I have a confession: I’m addicted to shopping-grocery shopping.
It’s true. Given the choice, I’d rather spend my time in the aisles of a bakery over a boutique, marveling at the bread instead of trying on clothes. It’s not that I don’t enjoy or appreciate fashion (I do), but I’m more of a seasonal shopper when it comes to my wardrobe. Now, when it comes to groceries, I’m a weekly patron to my local supermarket — and this makes perfect sense to me. I take a lot of pride in cooking my own food and finding the most cost-effective and efficient way to create my favorite recipes, so naturally, I spend a lot of time at the store.
However, grocery spending is the one category on Mint for which I’m consistently over-budget. Sometimes it’s only by a few cents, and other times it’s by as much as $60. For a person like me who is only paid once a month, this is an alarming discrepancy. After all, I might need that money for gas or another unexpected expense. Whenever I think of potentially not having that money because I bought something like another flavored hummus, I feel incredibly disappointed in myself.
Previously, when it came to food spending, I used a “zero-waste” approach to stretch my dollar. And while this has helped by keeping me from losing money on waste, I realize actually sticking to the meal plans I make takes more effort than I once believed. When I’m at home, it’s easy to feel like I’m super frugal and budget-savvy as I type my list on my notes app. But after I’ve walked into a store, only to discover Cadbury eggs on an end cap? Especially when they’re on a post-Easter sale? Yeah, my behavior changes.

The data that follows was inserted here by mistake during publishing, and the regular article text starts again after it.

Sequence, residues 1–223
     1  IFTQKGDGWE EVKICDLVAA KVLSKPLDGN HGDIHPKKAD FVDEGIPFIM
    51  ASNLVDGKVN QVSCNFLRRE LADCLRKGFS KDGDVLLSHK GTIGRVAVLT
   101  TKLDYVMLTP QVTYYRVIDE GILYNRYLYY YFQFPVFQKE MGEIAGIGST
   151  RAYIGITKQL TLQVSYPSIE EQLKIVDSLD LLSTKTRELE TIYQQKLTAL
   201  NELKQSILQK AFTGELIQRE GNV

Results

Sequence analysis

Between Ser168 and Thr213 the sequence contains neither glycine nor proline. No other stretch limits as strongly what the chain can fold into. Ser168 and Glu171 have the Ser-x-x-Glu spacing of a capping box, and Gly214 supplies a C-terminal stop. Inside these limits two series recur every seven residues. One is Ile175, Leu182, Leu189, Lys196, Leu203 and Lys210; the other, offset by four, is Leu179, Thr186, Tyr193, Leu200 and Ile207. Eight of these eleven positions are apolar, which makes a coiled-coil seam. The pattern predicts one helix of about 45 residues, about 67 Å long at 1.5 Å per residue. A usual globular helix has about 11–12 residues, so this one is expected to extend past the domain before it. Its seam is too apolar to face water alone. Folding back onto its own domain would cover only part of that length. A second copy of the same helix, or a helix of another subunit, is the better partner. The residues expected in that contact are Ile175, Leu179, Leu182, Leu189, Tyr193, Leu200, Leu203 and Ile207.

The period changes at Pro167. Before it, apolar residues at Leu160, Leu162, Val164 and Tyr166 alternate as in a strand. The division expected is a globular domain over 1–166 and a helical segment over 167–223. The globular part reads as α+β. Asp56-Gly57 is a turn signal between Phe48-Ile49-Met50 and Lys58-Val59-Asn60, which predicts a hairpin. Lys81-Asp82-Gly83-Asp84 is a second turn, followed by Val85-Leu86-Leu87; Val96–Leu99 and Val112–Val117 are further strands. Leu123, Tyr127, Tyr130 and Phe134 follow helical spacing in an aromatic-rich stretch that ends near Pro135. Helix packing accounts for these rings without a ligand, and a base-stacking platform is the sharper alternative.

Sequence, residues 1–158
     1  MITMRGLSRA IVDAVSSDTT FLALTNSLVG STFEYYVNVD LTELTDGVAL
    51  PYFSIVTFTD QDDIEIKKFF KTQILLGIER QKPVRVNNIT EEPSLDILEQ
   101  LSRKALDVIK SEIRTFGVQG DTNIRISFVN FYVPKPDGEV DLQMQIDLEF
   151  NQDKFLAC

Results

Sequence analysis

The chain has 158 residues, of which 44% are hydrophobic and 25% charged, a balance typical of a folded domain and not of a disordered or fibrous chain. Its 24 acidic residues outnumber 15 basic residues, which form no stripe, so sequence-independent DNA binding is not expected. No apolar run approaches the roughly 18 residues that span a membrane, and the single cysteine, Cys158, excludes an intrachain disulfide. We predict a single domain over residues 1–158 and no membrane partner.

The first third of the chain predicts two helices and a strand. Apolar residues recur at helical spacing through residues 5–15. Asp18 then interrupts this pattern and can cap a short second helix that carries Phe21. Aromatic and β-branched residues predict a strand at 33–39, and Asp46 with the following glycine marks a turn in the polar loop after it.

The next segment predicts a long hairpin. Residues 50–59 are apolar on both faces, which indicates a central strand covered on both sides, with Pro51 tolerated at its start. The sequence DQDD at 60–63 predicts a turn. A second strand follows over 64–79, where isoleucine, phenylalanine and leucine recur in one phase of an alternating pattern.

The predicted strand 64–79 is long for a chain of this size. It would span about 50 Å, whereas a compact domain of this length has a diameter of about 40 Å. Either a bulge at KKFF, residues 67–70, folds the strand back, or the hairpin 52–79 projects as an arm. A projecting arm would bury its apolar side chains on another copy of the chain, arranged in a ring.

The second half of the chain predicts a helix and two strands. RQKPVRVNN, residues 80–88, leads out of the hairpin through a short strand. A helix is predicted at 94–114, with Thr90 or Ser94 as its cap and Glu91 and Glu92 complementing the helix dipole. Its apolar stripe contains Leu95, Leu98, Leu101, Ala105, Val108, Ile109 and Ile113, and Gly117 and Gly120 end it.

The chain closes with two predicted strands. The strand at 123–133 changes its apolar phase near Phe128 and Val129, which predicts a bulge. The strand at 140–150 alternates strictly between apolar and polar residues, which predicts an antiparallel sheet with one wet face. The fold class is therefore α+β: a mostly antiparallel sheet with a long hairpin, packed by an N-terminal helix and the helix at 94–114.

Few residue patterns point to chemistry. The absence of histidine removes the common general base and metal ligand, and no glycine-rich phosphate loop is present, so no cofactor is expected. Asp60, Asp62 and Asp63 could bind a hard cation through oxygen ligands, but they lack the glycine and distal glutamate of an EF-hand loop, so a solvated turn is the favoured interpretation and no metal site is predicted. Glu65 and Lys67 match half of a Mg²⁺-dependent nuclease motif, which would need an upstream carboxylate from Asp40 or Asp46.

One of my favorite TFD posts ever is Phoebe Prentice Terry’s article that talks about controlling our inner toddler — the one that pushes us to spend on wants that we absolutely don’t need. Likewise, I firmly believe making simple-yet-deliberate choices (the way a parent would) can seriously influence the impulses within us for the better. So now, in addition to using a shopping list (as well as Mint), I’ve decided to try other methods to keep me from overspending on food. Some of these tricks may seem a bit silly on the surface, but I can assure you it’s through these small changes that I’ve seen a change in my spending habits, and am proud to say I haven’t broken my budget since.
1. I never, ever use a cart.
Do you all remember those shopping spree contests that aired on Nickelodeon from the 90s? No? I’ll fill you in: Basically, on the show, kids were given 30 seconds to fill up a shopping cart with as many toys as they possibly could. Whatever made it in the cart within that time period was theirs to keep, regardless of cost. Amazing, right? Ah, if only shopping could be so simple.